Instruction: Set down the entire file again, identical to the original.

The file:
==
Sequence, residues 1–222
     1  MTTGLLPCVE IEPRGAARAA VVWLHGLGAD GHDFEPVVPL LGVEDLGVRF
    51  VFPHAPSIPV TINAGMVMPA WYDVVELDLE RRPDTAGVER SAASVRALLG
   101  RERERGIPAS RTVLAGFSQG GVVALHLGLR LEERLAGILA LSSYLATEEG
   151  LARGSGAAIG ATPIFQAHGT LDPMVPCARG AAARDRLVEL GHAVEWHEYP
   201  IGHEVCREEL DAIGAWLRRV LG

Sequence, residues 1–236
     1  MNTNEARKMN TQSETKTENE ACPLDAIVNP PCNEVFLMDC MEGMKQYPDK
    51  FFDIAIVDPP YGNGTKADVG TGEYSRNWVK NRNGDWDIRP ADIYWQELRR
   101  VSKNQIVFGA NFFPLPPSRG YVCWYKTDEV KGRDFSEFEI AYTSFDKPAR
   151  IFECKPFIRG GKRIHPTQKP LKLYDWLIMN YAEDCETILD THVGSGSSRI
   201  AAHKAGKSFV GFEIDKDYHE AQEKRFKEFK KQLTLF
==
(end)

Sequence, residues 1–222
     1  MTTGLLPCVE IEPRGAARAA VVWLHGLGAD GHDFEPVVPL LGVEDLGVRF
    51  VFPHAPSIPV TINAGMVMPA WYDVVELDLE RRPDTAGVER SAASVRALLG
   101  RERERGIPAS RTVLAGFSQG GVVALHLGLR LEERLAGILA LSSYLATEEG
   151  LARGSGAAIG ATPIFQAHGT LDPMVPCARG AAARDRLVEL GHAVEWHEYP
   201  IGHEVCREEL DAIGAWLRRV LG

Sequence, residues 1–236
     1  MNTNEARKMN TQSETKTENE ACPLDAIVNP PCNEVFLMDC MEGMKQYPDK
    51  FFDIAIVDPP YGNGTKADVG TGEYSRNWVK NRNGDWDIRP ADIYWQELRR
   101  VSKNQIVFGA NFFPLPPSRG YVCWYKTDEV KGRDFSEFEI AYTSFDKPAR
   151  IFECKPFIRG GKRIHPTQKP LKLYDWLIMN YAEDCETILD THVGSGSSRI
   201  AAHKAGKSFV GFEIDKDYHE AQEKRFKEFK KQLTLF